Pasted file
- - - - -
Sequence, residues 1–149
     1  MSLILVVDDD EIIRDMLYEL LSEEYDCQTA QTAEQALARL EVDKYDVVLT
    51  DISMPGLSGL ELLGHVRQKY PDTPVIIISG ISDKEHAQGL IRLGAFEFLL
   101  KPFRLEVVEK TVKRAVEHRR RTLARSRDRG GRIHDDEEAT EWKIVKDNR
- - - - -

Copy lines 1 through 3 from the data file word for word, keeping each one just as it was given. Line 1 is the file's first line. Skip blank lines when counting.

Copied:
Sequence, residues 1–149
     1  MSLILVVDDD EIIRDMLYEL LSEEYDCQTA QTAEQALARL EVDKYDVVLT
    51  DISMPGLSGL ELLGHVRQKY PDTPVIIISG ISDKEHAQGL IRLGAFEFLL